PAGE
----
GSA website: Help is just a click away

Girls’ schools have set up a website to reassure parents who are worried about their daughters. Will mums use it?
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The Independent Online

The Girls’ School Association (GSA) is capitalising on its long experience by launching a new website aimed at parents who are bringing up daughters.

Early responses to show that the site has the potential to be a worldwide winner. Five thousand people accessed it in the first three weeks, many from Asia and others from continental Europe and the US, and word is spreading fast. “As far as we know, it is the only site dealing specifically with issues concerning girls,” says Jill Berry, the head of Dame Alice Harpur School, Bedford and president of the GSA.

The site offers articles and guidance on subjects such as the developmental stages of girls, how girls can reach their full potential, eating disorders, bullying, internet safety and relationships. It discusses how to encourage a teenage girl to develop interests, how to help a girl settle at a new school, and what to do about unsuitable friends. Most articles are written by present or former heads.

“The GSA is a tight-knit bunch,” says editor Alison Morris, a former head of Manor House School, Surrey. “We all tend to know each other, and have many years of experience between us. There isn’t a problem that hasn’t passed through our doors over the years, and we know to whom we can turn to deal with different issues.”

The site is responsive to news stories and has turned its attention to anorexia; guidance for single and divorced parents; and the question of whether dyslexia is a myth.

“People can post comments, and we are hoping to draw them in to debate issues,” Morris says. “We want the site to be fully interactive, and a forum where parents can talk to and support each other.” One of the first mothers to contact the site wanted to know where she could buy clothes for her larger daughter, and got suggestions from other parents.

The idea for the site sprang from research commissioned by GSA in 2007 about how parents went about choosing schools for daughters. A thousand parents were asked about this and other issues. They sent back a clear message that they would welcome an advice source on social and educational topics, from questions of body image to personal safety.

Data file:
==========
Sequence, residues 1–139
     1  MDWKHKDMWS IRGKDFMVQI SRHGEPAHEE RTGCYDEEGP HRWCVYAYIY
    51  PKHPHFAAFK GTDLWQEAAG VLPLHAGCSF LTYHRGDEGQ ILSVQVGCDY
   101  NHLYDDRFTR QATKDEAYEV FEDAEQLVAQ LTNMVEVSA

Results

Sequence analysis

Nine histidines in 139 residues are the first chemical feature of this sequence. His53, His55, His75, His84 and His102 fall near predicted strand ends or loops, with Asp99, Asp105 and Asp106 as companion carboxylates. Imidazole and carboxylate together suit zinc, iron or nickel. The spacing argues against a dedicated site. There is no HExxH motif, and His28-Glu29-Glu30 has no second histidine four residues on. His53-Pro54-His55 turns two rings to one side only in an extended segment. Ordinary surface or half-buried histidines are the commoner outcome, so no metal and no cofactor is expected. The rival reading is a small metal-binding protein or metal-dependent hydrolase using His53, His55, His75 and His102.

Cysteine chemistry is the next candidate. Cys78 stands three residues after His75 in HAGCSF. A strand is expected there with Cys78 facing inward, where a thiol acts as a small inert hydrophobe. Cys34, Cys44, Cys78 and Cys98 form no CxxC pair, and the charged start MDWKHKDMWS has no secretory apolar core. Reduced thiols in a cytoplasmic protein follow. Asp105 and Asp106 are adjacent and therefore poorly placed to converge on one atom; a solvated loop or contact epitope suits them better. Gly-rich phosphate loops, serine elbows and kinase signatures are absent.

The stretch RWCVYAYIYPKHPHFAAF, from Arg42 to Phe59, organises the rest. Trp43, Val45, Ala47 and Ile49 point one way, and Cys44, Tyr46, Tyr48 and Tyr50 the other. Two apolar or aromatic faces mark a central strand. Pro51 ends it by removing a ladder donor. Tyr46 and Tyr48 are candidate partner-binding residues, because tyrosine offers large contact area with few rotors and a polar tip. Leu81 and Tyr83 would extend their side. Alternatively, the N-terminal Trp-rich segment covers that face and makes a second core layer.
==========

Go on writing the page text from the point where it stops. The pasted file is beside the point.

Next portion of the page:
Their desire for help reflects an age of mounting parental anxiety, where the confidence of both mothers and fathers can be low and no one seems too sure how to bring up children. Heads of both state and independent schools say they spend more time than ever helping parents with aspects of their children’s education and welfare, and many privately admit astonishment at the high level of support parents now need.

Alison Morris says the site’s resources tap into a well of experience and wisdom, and are intended for all parents, regardless of where they send their children to school. However, as fee-paying schools brace themselves for the effects of recession, the site is also seen as a marketing tool to spread the word on the advantages of independent, single-sex education for girls. It offers help in finding schools, case studies of families who use them, and advice on how to find the fees to pay for them.

Jill Berry says: “Of course, we are championing the cause of girls’ schools, and we wouldn’t want to be dishonest about this. However, we also offer lots of sensible advice from people who really care about girls and who understand the issues about girls’ learning. These issues are not only to do with independent schools, and anyway, girls’ schools are, in themselves, very diverse, including schools of all types, from the highly academic to those catering for pupils with special learning needs.”

The site includes the weekly national newspaper column written by Vicky Tuck, principal of Cheltenham Ladies’ College, and offers Top 10 tips for parents. These include: keep listening; set boundaries; and remember that academic success is only one way of succeeding.